by signals were sent to a signal station (Numbers 2) placed on the saw-mill at General Heintzelman' headquarters, and were thence reported to headquarters station. Another station of observation (Numbers 3), in like manner repeating its messages through Station Numbers 2, at General Heintzelman's headquarters, was established on the Warwick road, in a piece of woods north of the cleared land in front of Lee's Mill, and near a small lunette, afterward taken by our forces. The post of observation small lunette, afterward taken by our forces. The post of observation of the officers here placed extended through a piece of woods southerly to the open ground in front of Wynn's Mill.
The position of these stations was easily discovered by the enemy. They were held through the siege with much risk to the officers ordered upon them. It was necessary to keep the officers there posted on duty for several days in succession, so that they might well know the localities of the enemy. The stations were hidden from the view of the rebel gunners. The danger was of injury from the fragments of the many shells thrown at the position during the thirty days they were occupied.
A signal flag was displayed in a tree, in sight of the enemy, at Station Numbers 3. The attempt to remove it was made hazardous by the enemy's musketry.
These competed the line of stations on the right. The dense woods covering the center and left of the army rendered signaling there impossible except from artificial stations. Soon after the siege had commenced the chief-signal officer was directed by the general commanding to cause signal towers to be erected and to be occupied as stations of observation and communication (if that was possible) along the front. It was hoped, also, that be observing from such points of view, and reporting the ranges of the shot and shell, the fire of guns and mortars soon to open on Yorktown might be accurately directed. These instructions were communicated to Lieutenant B. F. Fisher, acting signal officer, commanding the signal detachment on the left of the army, and Lieutenant N. Daniels, acting signal officer, commanding that with the center.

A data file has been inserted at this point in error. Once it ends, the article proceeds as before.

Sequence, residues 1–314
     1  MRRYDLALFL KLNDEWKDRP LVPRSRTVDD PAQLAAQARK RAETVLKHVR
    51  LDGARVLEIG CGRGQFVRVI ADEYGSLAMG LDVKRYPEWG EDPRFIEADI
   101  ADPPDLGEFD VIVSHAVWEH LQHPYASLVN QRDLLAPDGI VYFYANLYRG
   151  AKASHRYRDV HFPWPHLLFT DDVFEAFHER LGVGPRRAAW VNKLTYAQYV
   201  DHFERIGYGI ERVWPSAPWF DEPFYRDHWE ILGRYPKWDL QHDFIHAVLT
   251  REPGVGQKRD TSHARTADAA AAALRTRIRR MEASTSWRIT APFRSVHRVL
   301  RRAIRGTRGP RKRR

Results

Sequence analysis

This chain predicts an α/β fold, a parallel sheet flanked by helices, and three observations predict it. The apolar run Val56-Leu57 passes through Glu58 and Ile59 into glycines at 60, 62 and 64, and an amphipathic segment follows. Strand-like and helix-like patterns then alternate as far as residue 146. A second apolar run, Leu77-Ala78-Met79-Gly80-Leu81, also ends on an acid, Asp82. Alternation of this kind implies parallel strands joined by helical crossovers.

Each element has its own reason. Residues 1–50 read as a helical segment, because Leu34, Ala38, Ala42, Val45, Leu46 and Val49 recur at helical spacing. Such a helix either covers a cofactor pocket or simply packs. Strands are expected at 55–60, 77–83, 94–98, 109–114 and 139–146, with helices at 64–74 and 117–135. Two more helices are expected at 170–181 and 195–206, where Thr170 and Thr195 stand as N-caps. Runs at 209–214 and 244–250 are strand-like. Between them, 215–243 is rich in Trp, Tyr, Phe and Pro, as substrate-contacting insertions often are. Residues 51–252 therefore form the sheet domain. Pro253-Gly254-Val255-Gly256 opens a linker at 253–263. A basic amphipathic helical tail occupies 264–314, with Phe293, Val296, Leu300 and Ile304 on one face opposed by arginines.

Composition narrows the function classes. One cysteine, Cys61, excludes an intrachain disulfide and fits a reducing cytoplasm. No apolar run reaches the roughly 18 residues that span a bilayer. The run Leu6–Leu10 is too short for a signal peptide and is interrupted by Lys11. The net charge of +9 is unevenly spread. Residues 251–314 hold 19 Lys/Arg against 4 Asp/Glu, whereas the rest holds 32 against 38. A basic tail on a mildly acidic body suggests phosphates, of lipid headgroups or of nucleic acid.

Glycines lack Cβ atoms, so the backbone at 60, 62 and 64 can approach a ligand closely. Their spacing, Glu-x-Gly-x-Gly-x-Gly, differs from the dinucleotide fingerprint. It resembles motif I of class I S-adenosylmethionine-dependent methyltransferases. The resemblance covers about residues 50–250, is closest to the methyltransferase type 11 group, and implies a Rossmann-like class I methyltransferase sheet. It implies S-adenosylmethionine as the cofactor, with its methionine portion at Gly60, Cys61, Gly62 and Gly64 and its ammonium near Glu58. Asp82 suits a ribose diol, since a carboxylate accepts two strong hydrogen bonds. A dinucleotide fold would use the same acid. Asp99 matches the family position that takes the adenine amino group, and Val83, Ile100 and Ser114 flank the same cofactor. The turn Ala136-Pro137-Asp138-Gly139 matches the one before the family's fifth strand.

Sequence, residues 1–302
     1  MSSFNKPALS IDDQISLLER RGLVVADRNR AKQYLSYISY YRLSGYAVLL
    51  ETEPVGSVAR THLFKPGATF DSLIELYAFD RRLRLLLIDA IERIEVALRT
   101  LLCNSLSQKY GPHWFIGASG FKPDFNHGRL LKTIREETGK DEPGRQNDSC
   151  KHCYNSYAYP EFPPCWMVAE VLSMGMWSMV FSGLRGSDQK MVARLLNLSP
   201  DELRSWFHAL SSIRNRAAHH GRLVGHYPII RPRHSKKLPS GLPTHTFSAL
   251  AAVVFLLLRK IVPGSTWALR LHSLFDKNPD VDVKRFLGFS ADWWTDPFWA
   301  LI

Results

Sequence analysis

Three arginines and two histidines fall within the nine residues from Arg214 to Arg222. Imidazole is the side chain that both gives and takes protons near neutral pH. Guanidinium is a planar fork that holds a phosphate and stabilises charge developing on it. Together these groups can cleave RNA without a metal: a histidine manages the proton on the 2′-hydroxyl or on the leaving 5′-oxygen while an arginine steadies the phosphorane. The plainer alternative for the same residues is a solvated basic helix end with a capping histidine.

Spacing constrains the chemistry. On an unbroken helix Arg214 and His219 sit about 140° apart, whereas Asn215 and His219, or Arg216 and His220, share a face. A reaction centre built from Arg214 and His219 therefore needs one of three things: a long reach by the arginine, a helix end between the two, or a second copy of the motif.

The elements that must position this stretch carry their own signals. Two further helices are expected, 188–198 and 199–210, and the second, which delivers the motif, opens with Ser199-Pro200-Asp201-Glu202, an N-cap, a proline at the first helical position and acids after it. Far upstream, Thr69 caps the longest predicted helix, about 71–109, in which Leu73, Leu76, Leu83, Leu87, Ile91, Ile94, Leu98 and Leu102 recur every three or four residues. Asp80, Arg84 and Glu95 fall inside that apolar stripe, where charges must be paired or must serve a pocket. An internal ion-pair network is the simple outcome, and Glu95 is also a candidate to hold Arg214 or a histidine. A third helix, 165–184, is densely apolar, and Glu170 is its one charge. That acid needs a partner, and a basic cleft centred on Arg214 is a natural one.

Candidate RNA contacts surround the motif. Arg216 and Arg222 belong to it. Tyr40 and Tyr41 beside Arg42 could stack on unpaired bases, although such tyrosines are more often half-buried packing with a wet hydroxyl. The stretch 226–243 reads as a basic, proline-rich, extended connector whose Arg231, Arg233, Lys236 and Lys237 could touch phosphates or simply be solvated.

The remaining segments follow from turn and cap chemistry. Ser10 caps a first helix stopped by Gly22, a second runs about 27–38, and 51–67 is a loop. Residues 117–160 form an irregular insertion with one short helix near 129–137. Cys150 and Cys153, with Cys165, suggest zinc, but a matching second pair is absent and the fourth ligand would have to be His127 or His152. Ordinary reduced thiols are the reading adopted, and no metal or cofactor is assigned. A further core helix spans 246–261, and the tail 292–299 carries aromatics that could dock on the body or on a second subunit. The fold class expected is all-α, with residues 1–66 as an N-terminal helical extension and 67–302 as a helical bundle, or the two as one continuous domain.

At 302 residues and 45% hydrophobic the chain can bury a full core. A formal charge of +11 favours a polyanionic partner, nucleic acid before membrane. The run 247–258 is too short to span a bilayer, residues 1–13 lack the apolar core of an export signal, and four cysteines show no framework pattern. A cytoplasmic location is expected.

The sites for the towers on these portions of the line were at once selected by these officers. Large working parties reported to them, and the work of construction was commenced. On the right of the line, also, the positions for three towers were selected, and the timber for their construction was drawn from the woods and sharpened. Of these towers one (H) was to be on the shore of the bay, near Farinholt's house. A second (F) was to be on the high bank near the dam crossing Wormley's Creek. The third (G) on the elevated plain near the Clark house and near Camp Winfield Scott. None of these were, however, completed when the evacuation of Yorktown took place.
A station had been built close to Camp Winfield Scott, in an immense tree. This was sometimes used for purposes of observation. Other stations or perches were now made on trees close to the trenches and batteries of our approaches. From one of these, near Moore's house, and at a height of about 80 feet from the ground, could be had a distinct and close view of the enemy's works at Yorktown.
At the center Lieutenant Daniels, acting signal officer, caused to be raised a lofty structure of logs (E) near our picket line in front of Lee's Mill, and overlooking part of the enemy's works there placed. This tower was constantly occupied by a detail of signal officers as a station of observation, and whatever facts could thence be noted were reported to General Sumner. It was often visited by other officers, whose duties were aided by the observations here made. This stricture was in close range of the enemy's guns. Tough partially hidden by trees,